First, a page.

erns between Whitehall and the City in London there were two ‘Graihounds’ and one ‘Talbot’ and in the reign of Charles I the taverns listed in London included six ‘Dogs’ and five ‘Greyhounds’. In 1864, in London alone, at least 29 inn and tavern signs were named after dogs, including five ‘Black Dogs’ (steeped in old country folklore when black dogs were the terror of rustics), nine ‘Greyhounds’, three ‘Spotted Dogs’ (often associated with old coaching inns as the Dalmatian was a favourite carriage dog), three ‘Staghounds’ and nine ‘Talbots’ (sometimes also shown erroneously as a spotted dog). ‘The Greyhound’ became very popu-
& Inn Signs lar in both rural areas where coursing was popular and urban areas where Greyhound racing had a strong following. Many signs reflected sports, such as ‘Hare and Hounds’, ‘Dog and Pheasant’, ‘Fox and Hounds’, ‘The Bull’ and the ‘Dog and Bull’ both hinting at bull baiting. One infamous ‘Dog and Duck’ once stood in St. Georges Fields, London when, before being closed down by magistrates, it was frequented by thieves and prostitutes. Of the many variations of shooting with dogs there was at one time said to be over seventy ‘Dog and Pheasant’ inns in the county of Lancashire alone. Some inn names commemorate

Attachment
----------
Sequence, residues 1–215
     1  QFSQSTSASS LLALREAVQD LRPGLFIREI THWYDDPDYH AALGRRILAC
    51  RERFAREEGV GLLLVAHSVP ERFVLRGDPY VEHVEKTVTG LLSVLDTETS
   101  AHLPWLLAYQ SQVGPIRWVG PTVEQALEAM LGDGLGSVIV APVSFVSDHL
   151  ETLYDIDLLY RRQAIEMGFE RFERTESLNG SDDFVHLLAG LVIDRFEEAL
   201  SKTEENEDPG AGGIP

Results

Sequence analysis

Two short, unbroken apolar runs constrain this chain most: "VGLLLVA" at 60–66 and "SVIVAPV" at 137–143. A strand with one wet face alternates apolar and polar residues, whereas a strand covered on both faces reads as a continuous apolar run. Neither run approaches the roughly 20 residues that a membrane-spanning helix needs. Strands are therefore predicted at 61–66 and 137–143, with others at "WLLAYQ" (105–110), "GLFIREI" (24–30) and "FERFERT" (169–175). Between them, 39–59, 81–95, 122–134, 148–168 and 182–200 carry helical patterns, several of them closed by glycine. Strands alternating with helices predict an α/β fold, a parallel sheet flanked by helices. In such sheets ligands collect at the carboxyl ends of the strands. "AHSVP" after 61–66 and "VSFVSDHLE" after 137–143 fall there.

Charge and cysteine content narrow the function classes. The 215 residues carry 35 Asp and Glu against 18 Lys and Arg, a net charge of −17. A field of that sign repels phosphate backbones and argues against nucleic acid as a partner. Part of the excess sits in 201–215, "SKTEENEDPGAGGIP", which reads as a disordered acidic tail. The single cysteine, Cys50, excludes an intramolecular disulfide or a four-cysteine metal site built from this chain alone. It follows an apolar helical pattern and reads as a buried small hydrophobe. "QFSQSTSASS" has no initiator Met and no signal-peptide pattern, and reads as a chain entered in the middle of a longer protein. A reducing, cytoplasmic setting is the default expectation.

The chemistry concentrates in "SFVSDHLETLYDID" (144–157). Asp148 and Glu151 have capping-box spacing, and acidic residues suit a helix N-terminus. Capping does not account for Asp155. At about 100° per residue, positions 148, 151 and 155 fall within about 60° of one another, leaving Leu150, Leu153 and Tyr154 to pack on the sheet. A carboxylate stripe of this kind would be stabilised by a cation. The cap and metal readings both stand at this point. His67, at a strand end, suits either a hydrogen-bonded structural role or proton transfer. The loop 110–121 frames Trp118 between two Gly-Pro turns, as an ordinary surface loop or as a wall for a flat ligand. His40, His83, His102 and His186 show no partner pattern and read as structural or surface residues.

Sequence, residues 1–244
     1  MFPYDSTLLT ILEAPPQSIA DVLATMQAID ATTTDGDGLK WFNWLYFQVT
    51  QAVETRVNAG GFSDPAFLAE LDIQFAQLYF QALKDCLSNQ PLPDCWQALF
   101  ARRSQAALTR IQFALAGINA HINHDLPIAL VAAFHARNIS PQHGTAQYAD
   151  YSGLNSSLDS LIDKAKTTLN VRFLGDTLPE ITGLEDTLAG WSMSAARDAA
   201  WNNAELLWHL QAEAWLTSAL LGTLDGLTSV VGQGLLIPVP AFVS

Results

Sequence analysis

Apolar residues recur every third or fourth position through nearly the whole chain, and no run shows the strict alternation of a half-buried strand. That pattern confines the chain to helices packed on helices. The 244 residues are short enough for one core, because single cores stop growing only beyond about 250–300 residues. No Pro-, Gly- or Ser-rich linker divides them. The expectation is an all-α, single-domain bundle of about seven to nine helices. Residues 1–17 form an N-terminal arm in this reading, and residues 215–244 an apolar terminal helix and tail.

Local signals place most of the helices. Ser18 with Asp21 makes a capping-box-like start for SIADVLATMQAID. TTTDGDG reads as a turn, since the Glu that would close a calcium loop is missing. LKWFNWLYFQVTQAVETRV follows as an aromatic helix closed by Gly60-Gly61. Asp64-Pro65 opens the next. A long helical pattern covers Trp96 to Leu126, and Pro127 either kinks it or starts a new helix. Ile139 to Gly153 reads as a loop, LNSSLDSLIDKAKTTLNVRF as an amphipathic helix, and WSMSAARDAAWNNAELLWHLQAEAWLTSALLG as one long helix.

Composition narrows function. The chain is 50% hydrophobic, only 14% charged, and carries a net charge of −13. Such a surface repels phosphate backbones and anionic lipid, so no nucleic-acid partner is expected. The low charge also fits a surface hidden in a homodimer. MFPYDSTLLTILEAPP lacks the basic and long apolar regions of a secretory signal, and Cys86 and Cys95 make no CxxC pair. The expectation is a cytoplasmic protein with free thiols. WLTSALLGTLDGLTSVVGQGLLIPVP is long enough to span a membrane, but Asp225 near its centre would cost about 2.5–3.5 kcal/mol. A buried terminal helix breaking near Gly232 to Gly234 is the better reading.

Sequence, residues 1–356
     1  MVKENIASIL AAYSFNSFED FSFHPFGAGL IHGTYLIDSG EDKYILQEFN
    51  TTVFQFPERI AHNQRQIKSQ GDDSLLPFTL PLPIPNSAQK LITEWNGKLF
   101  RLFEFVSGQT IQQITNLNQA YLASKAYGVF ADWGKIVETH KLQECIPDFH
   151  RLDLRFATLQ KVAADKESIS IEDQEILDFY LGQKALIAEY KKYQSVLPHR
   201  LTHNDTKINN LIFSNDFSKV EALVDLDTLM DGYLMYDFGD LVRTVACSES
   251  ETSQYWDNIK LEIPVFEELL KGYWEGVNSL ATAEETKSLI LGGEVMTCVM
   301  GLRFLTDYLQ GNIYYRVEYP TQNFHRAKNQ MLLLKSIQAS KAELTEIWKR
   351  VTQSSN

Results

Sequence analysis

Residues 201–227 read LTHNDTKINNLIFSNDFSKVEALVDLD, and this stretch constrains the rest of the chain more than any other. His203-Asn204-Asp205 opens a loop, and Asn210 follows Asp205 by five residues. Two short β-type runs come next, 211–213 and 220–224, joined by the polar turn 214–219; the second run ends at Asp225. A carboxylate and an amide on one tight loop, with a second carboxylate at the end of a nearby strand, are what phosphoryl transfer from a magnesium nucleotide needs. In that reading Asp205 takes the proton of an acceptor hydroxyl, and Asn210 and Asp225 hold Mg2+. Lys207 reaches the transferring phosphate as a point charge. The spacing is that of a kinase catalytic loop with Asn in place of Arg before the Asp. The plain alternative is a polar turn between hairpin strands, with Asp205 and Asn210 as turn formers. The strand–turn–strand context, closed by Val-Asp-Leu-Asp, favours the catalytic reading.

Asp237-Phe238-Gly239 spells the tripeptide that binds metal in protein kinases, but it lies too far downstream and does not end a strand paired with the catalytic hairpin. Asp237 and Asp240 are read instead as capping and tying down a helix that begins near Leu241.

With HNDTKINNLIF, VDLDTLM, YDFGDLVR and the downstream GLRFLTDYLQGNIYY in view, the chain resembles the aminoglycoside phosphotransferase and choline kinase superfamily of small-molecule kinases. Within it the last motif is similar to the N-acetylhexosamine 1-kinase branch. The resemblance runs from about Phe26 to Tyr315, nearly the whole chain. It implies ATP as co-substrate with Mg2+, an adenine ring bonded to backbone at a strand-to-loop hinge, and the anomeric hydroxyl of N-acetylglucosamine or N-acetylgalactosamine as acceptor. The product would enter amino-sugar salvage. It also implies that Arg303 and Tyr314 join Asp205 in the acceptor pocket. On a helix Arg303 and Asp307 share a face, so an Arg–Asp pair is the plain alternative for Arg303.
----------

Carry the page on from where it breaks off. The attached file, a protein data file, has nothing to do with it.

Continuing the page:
sporting events, the best known with a dog on is the ‘Blue Cap’ beside the main Chester to Manchester road. It recalls a famous match which took place in 1763 between Hugo Meynell’s best hound, whom he hunted with the Quorn Foxhounds and Blue Cap, a hound of Smith Barry’s, Master of The Cheshire hunt. The two hounds followed a trail of aniseed over a specified distance and Blue Cap won. Such trails were the forerunners of today’s drag hunting. The dog also appears at times on humorous signs, such as ‘The Dog and Pot’, ‘Devils Lapdog’, ‘Dog and Bacon’ and ‘Dog and Hedgehog’, the latter